How I set bodybuilders workouts up is I have them pick either their 3 favorite exercises for each body part or better yet the exercises they feel will bring up their weaknesses the most. For me my chest exercises are high incline smith machine press, hammer seated flat press and slight incline smith press with hands very very wide----this is because I look at my physique and I feel my problem area is upper and outer pecs---that is my focus. Whenever I train someone new I have them do the following --4 times training in 8 days---with straight sets. Sometimes with rest pause sets but we have to gauge the recovery ability first.
Day one would be Monday and would be:
Day two would be Wednesday and would be:
Day three would be Friday and would be:
Day four would be the following Monday and would be
And so on Wednesday Friday Monday Wednesday etc.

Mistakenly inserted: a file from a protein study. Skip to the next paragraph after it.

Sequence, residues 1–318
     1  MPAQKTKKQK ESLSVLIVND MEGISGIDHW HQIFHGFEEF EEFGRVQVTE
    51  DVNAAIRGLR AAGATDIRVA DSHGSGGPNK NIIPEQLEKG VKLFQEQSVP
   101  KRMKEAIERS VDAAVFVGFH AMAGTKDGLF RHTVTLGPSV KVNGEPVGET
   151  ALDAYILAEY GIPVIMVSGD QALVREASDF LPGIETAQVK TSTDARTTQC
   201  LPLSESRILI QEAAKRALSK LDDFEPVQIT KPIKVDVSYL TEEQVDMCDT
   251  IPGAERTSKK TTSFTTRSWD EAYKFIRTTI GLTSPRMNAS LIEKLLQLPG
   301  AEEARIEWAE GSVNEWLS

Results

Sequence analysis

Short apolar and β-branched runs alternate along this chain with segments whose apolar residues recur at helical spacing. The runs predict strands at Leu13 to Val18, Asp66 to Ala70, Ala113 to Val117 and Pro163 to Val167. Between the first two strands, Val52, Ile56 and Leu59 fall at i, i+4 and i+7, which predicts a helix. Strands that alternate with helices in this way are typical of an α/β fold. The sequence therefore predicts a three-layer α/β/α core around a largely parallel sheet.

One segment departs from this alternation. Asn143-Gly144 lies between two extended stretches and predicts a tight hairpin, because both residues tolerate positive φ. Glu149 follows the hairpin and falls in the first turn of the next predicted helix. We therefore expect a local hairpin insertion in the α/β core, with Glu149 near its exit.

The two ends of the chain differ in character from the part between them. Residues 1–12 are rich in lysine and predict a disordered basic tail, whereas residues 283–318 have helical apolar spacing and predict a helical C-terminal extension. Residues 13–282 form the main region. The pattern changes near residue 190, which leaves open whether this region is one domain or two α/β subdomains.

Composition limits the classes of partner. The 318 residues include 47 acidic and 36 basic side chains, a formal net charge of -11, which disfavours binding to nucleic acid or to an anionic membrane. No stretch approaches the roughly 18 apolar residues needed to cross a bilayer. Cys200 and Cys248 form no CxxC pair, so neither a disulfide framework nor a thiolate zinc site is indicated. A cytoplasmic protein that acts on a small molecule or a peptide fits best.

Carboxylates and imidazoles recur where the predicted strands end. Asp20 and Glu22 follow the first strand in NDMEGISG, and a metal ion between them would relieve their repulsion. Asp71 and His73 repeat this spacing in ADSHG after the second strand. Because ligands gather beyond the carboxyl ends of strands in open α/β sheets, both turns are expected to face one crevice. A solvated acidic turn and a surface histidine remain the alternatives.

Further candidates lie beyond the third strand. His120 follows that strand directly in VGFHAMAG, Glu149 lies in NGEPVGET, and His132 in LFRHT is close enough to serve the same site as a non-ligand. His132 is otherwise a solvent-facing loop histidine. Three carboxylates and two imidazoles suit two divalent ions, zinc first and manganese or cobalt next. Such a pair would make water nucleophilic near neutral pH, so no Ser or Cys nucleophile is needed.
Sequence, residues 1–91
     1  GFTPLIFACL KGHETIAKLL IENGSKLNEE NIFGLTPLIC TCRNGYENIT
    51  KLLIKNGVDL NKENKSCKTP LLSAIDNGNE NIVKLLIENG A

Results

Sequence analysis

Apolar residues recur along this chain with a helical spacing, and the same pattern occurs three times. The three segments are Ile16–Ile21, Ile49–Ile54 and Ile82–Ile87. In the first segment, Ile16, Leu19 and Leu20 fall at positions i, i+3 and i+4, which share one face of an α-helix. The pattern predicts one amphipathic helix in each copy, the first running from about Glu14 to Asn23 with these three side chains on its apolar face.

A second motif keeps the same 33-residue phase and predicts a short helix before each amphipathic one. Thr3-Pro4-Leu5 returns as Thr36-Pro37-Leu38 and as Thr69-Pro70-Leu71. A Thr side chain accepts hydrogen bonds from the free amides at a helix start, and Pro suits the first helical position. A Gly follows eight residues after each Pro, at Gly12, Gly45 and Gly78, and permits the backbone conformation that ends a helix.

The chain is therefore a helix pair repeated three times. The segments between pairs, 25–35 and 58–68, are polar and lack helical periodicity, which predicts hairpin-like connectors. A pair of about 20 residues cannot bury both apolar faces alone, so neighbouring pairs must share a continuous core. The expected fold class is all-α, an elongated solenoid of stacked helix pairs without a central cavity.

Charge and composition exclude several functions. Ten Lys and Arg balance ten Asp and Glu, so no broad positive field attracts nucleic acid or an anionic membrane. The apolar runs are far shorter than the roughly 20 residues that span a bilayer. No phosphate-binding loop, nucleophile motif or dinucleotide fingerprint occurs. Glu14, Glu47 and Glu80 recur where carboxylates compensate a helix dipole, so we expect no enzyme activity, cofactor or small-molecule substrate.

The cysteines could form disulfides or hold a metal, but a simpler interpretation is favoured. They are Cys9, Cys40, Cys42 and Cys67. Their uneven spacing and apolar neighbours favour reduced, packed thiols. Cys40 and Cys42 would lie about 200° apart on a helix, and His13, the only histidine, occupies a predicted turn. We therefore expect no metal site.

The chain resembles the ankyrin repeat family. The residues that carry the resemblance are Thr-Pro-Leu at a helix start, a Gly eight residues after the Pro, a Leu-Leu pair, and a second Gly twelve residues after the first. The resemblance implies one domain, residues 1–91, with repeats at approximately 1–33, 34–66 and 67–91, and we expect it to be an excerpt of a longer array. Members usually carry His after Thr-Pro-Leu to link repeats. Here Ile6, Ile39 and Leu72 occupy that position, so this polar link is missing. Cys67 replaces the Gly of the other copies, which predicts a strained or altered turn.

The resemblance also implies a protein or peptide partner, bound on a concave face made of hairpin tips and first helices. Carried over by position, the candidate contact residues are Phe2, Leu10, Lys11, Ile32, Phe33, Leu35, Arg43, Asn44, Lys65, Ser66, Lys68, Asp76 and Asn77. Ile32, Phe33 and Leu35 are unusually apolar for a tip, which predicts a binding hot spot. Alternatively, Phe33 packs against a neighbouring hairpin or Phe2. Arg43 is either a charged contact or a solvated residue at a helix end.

Stay with me here--You're only doing one exercise per muscle group per day. Your doing your first favorite exercise for chest on day one--your doing your second favorite exercise for chest on the next chest workout and your third exercise for chest on the next. You're hitting every body part twice in 8 days. The volume on everything is simply as many warm-up sets as you need to do- to be ready for your ONE work set. That can be two warm-up sets for a small muscle group or five warm-up sets for a large muscle group on heavy exercise like rack deadlifts. The ONE work set is either a straight set or a rest pause set (depending on your recovery abilities again). For people on the lowest scale of recovery its just that one straight set---next up is a straight set with statics for people with slightly better than that recovery----next up is rest pausing (on many of the of movements) with statics for people with middle of the road recovery on up. Three key exercises are picked for each body part (hypothetically we will use flat dumbell bench press, incline smith bench press, and hammer press) ---USING ONLY ONE OF THOSE EXERCISES PER WORKOUT you rotate these in order and take that exercise to it's ultimate strength limit (where at that point you change the exercise and get brutally strong on that new movement too). That can happen in 4 weeks or that can happen 2 years later but it will happen some time (You cannot continually gain strength to where you eventually bench pressing 905 for reps obviously)---Sometime later when you come back to that original exercise you will start slightly lower than your previous high and then soar past it without fail--- As you progress as a bodybuilder you need to take even more rest time and recovery time. READ THAT AGAIN PLEASE: AS YOU PROGRESS AS A BODYBUILDER IN SIZE AND STRENGTH YOU NEED TO TAKE EVEN MORE REST AND RECOVERY TIME. Example: My recovery ability is probably slightly better now than when I started lifting 13-14 years ago but only slightly...but back then I was benching 135lbs and squatting 155lbs in my first months of lifting. Now I am far and away the strongest person in my gym using poundages three to six times greater than when I first started lifting. With my recovery ability being what it is both then and now do you think I need more time to recover from a 155lb squat for 8reps or a 500lb squat for 8reps? Obviously the answer is NOW! This past year I have been really pounding the slag iron as heavy and hard as I can in preparation of trying to get onstage at about 252lbs early next year. That means a hard 300lbs to me off-season and I'm pretty damn close to that right now. The gains I have made in strength this past year even at my lifting level are nothing short of phenomenal (in my mind). With those strength gains comes the ratio of recovery factor. Whereas a year ago I was training 2 on one off 2 on one off and getting away with it with extreme stretching etc....about 2 months ago I took an extra day off on the weekend because of work obligations and I just started to feel somewhat tired because of how heavy my weights were. If my strength keeps progressing at this level I am eventually going to have to train Monday Wednesday Friday Monday Wednesday Friday like outlined above simply because I am reaching poundage's that are so far and away above my beginning weights-I have to take the necessary recovery precautions. I am still training as often as I possibly can per body part--that's key to me. The more times I can train a body part in a year's time and recover will mean the fastest growth possible! I've done the training a body part every 10 days system in the past and while recovering from that--the gains were so slow over time I got frustrated and realized the frequency of growth phases (for me) was to low. I want to gain 104 times a year instead of 52--the fastest rate that I can accumulate muscle (YET AGAIN WITHIN ONES RECOVERY ABILITY-I CAN'T SAY THAT ENOUGH)